Tony Banks (Houston)
Banks has been a backup to David Carr in Houston and should only expect to serve in a reserve capacity at this point in his career. Still athletic, Banks still has a strong arm, but inconsistency and a knack for turning the ball have hampered him throughout his career.
Brought in to serve as insurance in the event starter Chad Pennington was injured, Fielder went down with a shoulder injury minutes into his first opportunity in New York. Has had some success as a starter, but is now in the twilight of his career and should be looked upon as a backup or emergency type starter.
Appears to have lost all confidence in his ability. Often throws into coverage and has proven to be very erratic. Unlikely he will suit up in 2006, unless a team comes calling for a veteran type to step in.
Looking to clear cap space and provide Ron Dayne a greater opportunity (as a backup), Anderson was a somewhat surprising cut for the Broncos. Not the fleetest afoot, Anderson has proven to be a powerful inside, downhill type rusher. On the downside of his career, Anderson has the ability to play, but shouldn't be counted on as a feature back at this point.
At one time Davis was as good as any back in the league. Knee injuries have robbed Davis of his surprising quickness and upper-body shiftiness. Still retains power, but is too great an injury risk to count on.
Simply a reserve at the running back position, Smart has had some success in the return game and should catch on with a team seeking a better than average kick return specialist.
Never reached the potential many scouts believed he possessed when coming out of Georgia Tech. Knee injury in college robbed him of playing time and quite possibly took some of his game from him. Hollings is a reserve at best at the professional level.
Murray (San Diego)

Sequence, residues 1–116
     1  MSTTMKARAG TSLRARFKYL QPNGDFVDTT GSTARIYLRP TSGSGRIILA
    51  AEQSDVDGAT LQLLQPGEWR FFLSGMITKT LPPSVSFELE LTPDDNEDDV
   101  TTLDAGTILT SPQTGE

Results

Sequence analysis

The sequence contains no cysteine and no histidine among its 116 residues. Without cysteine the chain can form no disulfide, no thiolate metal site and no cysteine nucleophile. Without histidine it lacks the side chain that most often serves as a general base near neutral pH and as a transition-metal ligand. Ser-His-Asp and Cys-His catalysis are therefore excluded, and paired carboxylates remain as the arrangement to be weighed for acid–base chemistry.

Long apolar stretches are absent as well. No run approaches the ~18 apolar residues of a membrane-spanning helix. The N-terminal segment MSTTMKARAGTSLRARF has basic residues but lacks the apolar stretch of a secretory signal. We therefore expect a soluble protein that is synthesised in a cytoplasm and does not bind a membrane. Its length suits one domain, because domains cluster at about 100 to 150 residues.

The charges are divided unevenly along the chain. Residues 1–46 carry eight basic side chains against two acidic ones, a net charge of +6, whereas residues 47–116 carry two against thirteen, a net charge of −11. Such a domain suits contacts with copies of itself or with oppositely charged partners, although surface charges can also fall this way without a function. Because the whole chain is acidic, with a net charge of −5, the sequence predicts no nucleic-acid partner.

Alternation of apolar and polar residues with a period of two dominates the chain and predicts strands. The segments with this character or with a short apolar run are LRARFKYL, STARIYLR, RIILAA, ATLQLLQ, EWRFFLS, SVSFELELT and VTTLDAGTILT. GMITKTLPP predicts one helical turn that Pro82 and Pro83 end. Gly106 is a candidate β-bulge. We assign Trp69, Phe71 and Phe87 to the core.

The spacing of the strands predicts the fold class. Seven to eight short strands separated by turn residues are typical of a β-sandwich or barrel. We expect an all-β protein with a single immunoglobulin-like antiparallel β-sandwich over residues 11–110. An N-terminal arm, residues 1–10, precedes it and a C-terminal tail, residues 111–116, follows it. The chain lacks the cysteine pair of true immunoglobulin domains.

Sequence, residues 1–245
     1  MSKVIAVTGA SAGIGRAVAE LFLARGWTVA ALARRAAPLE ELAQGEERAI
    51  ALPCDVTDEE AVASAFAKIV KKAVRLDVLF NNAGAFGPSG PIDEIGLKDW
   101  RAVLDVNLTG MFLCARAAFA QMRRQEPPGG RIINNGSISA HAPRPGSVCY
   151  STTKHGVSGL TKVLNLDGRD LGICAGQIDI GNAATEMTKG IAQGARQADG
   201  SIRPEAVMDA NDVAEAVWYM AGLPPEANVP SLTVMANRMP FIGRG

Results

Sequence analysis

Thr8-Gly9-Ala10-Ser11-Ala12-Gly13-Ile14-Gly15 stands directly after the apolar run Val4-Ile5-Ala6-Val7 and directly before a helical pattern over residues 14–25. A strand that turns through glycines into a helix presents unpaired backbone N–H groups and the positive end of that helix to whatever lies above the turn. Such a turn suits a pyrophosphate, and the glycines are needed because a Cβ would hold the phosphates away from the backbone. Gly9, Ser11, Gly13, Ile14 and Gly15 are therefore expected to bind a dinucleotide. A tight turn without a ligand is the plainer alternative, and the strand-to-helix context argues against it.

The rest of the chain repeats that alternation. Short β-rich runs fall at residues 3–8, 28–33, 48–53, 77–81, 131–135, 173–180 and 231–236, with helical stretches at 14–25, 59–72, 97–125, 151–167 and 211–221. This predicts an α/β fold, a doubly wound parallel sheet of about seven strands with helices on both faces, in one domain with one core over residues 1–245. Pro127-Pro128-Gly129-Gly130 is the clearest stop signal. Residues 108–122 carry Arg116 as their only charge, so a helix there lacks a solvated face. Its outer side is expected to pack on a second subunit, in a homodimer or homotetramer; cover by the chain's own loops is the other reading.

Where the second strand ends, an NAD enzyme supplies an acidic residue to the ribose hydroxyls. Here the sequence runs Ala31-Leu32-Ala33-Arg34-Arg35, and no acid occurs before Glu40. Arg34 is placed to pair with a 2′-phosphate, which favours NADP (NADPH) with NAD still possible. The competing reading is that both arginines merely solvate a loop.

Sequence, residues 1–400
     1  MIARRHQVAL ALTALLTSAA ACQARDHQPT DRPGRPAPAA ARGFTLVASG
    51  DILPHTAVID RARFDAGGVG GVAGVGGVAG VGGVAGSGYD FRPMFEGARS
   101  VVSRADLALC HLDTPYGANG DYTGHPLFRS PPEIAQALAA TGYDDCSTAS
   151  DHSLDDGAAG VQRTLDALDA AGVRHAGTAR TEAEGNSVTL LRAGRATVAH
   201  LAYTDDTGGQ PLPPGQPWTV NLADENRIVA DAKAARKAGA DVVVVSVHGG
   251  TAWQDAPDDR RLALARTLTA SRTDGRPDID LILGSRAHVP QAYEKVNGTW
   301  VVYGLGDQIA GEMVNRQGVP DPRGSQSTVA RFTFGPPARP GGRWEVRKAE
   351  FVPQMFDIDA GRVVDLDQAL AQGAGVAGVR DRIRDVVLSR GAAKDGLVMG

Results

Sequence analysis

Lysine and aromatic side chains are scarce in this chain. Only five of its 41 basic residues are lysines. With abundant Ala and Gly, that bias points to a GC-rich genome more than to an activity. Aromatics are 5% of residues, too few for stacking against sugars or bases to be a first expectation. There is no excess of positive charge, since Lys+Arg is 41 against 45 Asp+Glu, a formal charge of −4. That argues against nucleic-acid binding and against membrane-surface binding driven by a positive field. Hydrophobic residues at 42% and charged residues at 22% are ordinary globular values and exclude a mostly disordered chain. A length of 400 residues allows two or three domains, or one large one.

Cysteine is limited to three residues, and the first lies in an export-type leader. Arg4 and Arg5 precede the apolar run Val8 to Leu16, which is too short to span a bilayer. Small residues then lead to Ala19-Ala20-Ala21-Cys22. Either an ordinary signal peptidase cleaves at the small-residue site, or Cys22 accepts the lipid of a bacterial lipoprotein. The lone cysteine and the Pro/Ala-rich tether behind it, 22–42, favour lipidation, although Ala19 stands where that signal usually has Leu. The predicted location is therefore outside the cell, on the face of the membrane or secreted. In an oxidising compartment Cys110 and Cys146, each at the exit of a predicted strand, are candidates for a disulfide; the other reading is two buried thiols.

Special teams type player.
Has one role, of a blocking back. Good blocker that understands his role of sacrificing himself. Teams which utilize the two-back or H-back sets with a need should express an interest.
Has turned into a solid tight-end in the Broncos offensive system. Putzier release was in an effort to reduce the Denver salary-cap issues and no other reason. His blocking has improved, but should be deemed average, while excelling as a receiver. The interest in Putzier will immediate when the free agent player signing period commences.
As the Bills sought to gain salary-cap relief, Campbell was an easy target for the team. Has battled injuries throughout his career, when healthy has shown the ability to get open, and is a sufficient run blocker. Campbell should be looked at as a depth player for a team looking to fill out the roster with a veteran presence type player willing to play special teams.
James (New England)
Non-descript, special teams type player at best.
Morton (San Francisco)
Nearing the end of his career, still runs routes well, but has slowed and does not catch the ball nearly as well as in his days in Detroit. Can be a help as a reserve, but shouldn't be counted on to be a major contributor.
Special teams type player.